It happens to the wealthiest of families -- Casey Johnson, an heir to the Johnson and Johnson fortune, battled drug addiction.
It happens to the most political of families -- former presidential candidate George McGovern cut off his alcoholic daughter, Terry, who later died at the age of 44 after falling into a snow bank and freezing to death.
And it happens in Hollywood -- Martin Sheen's son Charlie Sheen arrested for cocaine use.
One Family's Struggle
Karen Franklin feared it would be her family's story, too.
She watched helplessly as her teenage daughter, Lauren, descended into a methamphetamine addiction.
Franklin took the door off Lauren's room and even moved her furniture out on the patio. "It did help change her behavior for a brief time," Franklin said.
But Lauren was not getting better. Karen finally kicked Lauren out of the house, terrified for her daughter's future.
How 'Tough Love' Works
The 'tough love' approach took off in the 70s and 80s: when all else fails, crack down. It can work, but experts caution that, if handled wrong, tough love can also do harm.
"We found that the major impacts of treatments that involve a lot of confrontation and tough love are to drive people away from treatment," said Richard Rawson, associate director of UCLA Integrated Substance Abuse Programs. "It's exactly the opposite of what we want to do."
Experts say the key is balance. Parents should insist the addict change behavior, stop using drugs and get treatment. But the family should still be willing to offer some lines of support. Also importantly, loved ones should get good advice and not try to go it alone.
"We don't want them to bottom out," said Tom McLellan, deputy director of the White House Office of National Drug Control, said. "They've lost when they've bottomed out."
Many clinicians believe tough love is still a useful tool because a lot more is known today about addiction.
"What I see in our field is an evolution taking place," said Maureen Canning, clinical consultant for The Meadows Rehabilitation Center in Arizona. "A little bit more sophistication in exploring the bigger picture with the individual, and in so doing, I think we are able to set limits and boundaries as opposed to erect walls around the individual."
Even with tough love, most experts now believe families are far better off staying connected, no matter how bleak life becomes.
"It is an act of love to monitor and make strong contingencies because you can," McLellan said.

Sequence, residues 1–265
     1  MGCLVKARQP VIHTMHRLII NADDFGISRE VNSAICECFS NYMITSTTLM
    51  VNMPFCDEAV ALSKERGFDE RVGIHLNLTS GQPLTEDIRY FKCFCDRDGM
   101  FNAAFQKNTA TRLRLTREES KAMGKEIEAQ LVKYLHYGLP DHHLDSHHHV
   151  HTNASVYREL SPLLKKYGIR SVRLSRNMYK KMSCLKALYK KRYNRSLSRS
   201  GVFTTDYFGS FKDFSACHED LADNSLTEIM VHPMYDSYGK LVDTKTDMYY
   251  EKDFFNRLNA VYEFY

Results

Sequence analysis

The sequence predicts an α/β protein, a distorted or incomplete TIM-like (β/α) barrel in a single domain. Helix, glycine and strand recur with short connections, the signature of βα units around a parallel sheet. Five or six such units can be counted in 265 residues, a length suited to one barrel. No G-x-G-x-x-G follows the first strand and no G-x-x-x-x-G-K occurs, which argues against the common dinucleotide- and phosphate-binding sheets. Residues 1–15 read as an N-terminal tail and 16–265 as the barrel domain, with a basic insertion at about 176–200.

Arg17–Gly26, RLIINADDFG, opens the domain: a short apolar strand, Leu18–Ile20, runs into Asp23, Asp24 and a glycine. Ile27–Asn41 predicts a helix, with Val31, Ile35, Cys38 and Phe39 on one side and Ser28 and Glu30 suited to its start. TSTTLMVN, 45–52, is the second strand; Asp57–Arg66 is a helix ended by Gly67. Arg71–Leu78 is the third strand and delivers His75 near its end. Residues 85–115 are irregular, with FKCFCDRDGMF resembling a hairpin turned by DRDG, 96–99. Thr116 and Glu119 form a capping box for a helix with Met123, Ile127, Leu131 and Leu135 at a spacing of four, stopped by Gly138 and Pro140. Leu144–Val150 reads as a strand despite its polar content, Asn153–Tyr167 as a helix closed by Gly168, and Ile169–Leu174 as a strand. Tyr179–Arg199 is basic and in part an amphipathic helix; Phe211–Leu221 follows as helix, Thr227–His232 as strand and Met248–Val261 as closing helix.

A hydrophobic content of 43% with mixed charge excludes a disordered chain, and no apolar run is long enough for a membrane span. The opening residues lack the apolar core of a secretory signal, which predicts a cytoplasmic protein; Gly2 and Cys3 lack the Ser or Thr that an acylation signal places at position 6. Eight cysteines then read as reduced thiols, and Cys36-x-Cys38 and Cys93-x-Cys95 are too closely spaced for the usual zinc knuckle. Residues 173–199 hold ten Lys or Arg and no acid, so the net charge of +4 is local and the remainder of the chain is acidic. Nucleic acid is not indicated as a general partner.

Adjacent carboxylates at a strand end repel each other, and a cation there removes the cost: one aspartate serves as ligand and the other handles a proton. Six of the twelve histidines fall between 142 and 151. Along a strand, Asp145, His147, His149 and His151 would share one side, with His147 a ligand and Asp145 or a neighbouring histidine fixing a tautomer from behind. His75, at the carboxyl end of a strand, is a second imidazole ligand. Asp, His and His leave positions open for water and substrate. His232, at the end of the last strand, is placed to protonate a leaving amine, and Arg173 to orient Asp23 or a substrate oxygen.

Author Maia Szalavitz, a recovering addict herself, says cutting all ties should be a last resort.
"If the person is stealing from you or if the person is engaging in behavior that's hurting you, you may have to cut them off for your own good," Szalavitz said. "But don't think that that's going to fix them either."
Getting the Help
For Karen Franklin's daughter, Lauren King, now 30, the tough love approach worked. She's been clean for 12 years now. Franklin says she followed advice to never completely shut the door on her daughter.
"She didn't just throw me out and not offer me a solution," Lauren said. "But there was something waiting for me if I did decide I was ready to get help, and I was ready for a change."
Getting an addict like Lauren to be open to change is the first step, but certainly not the last. McLellan says regaining a loved one from the depths of addiction is possible, and should be the goal for all families.
"Recovery is not just not using drugs or alcohol," he said."Recovery is sobriety, coupled with a changed way of life to make somebody more personally healthy and a more responsible citizen. Exactly the kind of neighbor you want to have, exactly the kind of guy you want to marry your sister."
Karen Franklin and Lauren King's book about their family's struggle is called "Addicted Like Me: A Mother-Daughter Story of Substance Abuse and Recovery."
Ten Important Questions to Ask a Treatment Program
From Drug Strategies, a nonprofit research institute that promotes more effective drug abuse prevention, education and treatment. Visit drugstrategies.com for more information about their questions.
1. How does your program address the needs of adolescents?
2. What kind of assessment does the program conduct of an adolescent's problems?
3. How often does the program review and update the treatment plan in light of the adolescent's progress?
4. How is the family involved in the treatment process?
5. How do you engage adolescents so that they stay in treatment?
6. What are the qualifications of the program staff and what kind of clinical supervision is provided?
7. Does the program offer separate single sex groups as well as male and female counselors for girls and boys?
8. How does the program follow up with the adolescent and provide continuing care after treatment is completed?
9. What evidence do you have that your program is effective?
10. What is the cost of the program?